93. Steve Martin’s first job was at Disneyland. He frequented the Main Street Magic shop and demonstrated tricks to potential customers. He was captured in the background of a home movie that was made into the short film Disneyland Dream, incidentally becoming his first film appearance.

94. Walt Disney was inspired by Copenhagens Tivoli when he built Disneyland.

95. Disney parks allow people with wheelchairs to cut in line with 6 guests, which led to the formation of a black market where the rich could hire disabled tour guides.

96. Two guys wore hi-vis vests to get into places like the zoo and Disneyland for free.

97. Harper Goff designed much of the original Disneyland, sets for classic films (Casablanca, Captain Blood, Willy Wonka & the Chocolate Factory), and the submarines in Fantastic Voyage and 20,000 Leagues Under the Sea. Captain Nemo’s baroque Nautilus helped inspire the Steampunk movement.

98. Disney makes twice as much money from their theme parks than what they make from their actual movies.

99. Disneyland’s Haunted Mansion used to have a cast member dressed as a Knight who jumped out at guests.

100. Julie Andrews initially refused the role of Mary Poppins because she was pregnant. Walt Disney however insisted that she played the nanny, saying, “We’ll wait for you”.

101. There is a cologne that is specifically designed to make you smell like the Pirates Of The Caribbean ride at Disneyland.

102. In 1970, about 200 members of the Youth International Party, AKA Yippies, invaded and occupied Disneyland’s Tom Sawyer Island and had to be removed by riot police, causing the 2nd of only 4 unscheduled closings in Disneyland history.

103. ABC-Walt Disney Company merger in 1995 required family shows to feature Disney World or Disneyland. Boys Meets World, Step by Step, Full House, and Family Matters all had at least one Disney Park episode.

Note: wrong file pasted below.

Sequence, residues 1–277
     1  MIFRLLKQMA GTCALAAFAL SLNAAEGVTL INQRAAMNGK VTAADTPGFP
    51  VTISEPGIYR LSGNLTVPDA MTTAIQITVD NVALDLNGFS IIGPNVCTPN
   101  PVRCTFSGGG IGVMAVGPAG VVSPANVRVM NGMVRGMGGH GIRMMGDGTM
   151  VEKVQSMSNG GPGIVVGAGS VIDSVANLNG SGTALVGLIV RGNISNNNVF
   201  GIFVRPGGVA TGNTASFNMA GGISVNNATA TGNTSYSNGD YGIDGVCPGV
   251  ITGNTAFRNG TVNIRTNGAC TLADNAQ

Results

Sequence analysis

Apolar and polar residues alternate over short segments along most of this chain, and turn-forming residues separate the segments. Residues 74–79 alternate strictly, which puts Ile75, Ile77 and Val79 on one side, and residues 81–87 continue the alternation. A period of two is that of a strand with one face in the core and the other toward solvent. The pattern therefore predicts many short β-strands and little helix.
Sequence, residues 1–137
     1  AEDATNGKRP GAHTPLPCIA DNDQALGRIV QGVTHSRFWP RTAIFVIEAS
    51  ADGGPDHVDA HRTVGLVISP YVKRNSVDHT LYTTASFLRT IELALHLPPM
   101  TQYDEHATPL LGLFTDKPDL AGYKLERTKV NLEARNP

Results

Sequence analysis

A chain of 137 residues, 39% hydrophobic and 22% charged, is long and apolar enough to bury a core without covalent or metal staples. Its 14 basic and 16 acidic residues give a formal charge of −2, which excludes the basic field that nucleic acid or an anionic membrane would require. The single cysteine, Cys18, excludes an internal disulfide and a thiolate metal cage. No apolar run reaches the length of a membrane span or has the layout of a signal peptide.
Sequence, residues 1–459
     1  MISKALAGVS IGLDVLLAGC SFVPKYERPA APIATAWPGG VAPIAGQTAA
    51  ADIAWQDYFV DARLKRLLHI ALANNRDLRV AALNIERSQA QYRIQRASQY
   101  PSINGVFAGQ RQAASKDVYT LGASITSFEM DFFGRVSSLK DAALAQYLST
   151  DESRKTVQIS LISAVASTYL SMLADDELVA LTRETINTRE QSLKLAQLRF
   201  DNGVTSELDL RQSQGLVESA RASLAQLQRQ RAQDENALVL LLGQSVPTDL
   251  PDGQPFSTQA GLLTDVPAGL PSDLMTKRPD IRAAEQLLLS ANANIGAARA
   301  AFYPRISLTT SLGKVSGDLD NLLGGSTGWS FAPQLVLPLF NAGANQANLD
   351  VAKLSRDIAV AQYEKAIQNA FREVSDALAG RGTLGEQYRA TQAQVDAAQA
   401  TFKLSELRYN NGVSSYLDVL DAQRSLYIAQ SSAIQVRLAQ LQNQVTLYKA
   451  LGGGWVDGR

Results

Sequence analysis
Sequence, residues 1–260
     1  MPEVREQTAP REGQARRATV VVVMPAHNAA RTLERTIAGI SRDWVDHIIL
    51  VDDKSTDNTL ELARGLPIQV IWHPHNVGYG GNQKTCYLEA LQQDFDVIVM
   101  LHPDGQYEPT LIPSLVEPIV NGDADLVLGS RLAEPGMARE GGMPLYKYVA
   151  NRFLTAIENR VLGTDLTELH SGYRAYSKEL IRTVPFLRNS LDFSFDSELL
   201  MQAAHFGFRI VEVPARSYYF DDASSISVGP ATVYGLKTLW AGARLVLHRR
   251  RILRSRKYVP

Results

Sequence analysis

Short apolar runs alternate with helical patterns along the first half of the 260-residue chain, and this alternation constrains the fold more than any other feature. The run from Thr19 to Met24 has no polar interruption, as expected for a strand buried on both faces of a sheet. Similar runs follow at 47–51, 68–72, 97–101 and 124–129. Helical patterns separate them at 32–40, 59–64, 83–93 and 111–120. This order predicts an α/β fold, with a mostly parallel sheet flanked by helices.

104. There are more than 90 gang-like social clubs that have an abiding love for Disneyland and roam the park multiple times a week.

105. Steve Martin’s Rope Tricks in the “3 Amigos” Were a Skill He Picked Up While Working at Disneyland in His Younger Days.

106. Disney World’s employees managed to efficiently evacuate everyone on the morning of 9/11 without causing a stampede.

107. Walt Disney was never accused of infidelity. When he heard some Disneyland construction workers were having a “wild time at nights” away from family, he remarked “I can’t understand that…it’s like women were their hobby. This is my hobby”, as he gestured towards Disneyland.

108. Monsanto’s House of the Future in Disneyland was so sturdy that when demolition crews failed to demolish the house using wrecking balls, torches, chainsaws and jackhammers, the building was ultimately demolished by using choker chains to crush it into smaller parts.

109. Saddam Hussein rebuilt Babylon as a Disneyland-esque shrine to his ego.

110. Disneyland cast members are required to always point with at least two fingers.

111. There’s a tiny Leprechaun house next to the Indiana Jones Ride at Disneyland.

112. If you share the same first name as an employee while working at Disneyland, if you’re called John, someone else can’t be called John B. for example. You must change it to something else because Disneyland doesn’t want any duplicate names.

113. Disney isn’t legally allowed to develop Marvel attractions based on X-Men, Spider-Man, Fantastic Four, and the Avengers, and their “families” on its East Coast theme parks, nor use the Marvel name in both of its West/East Coast parks due to the 1994 contract Marvel signed with Universal Studios.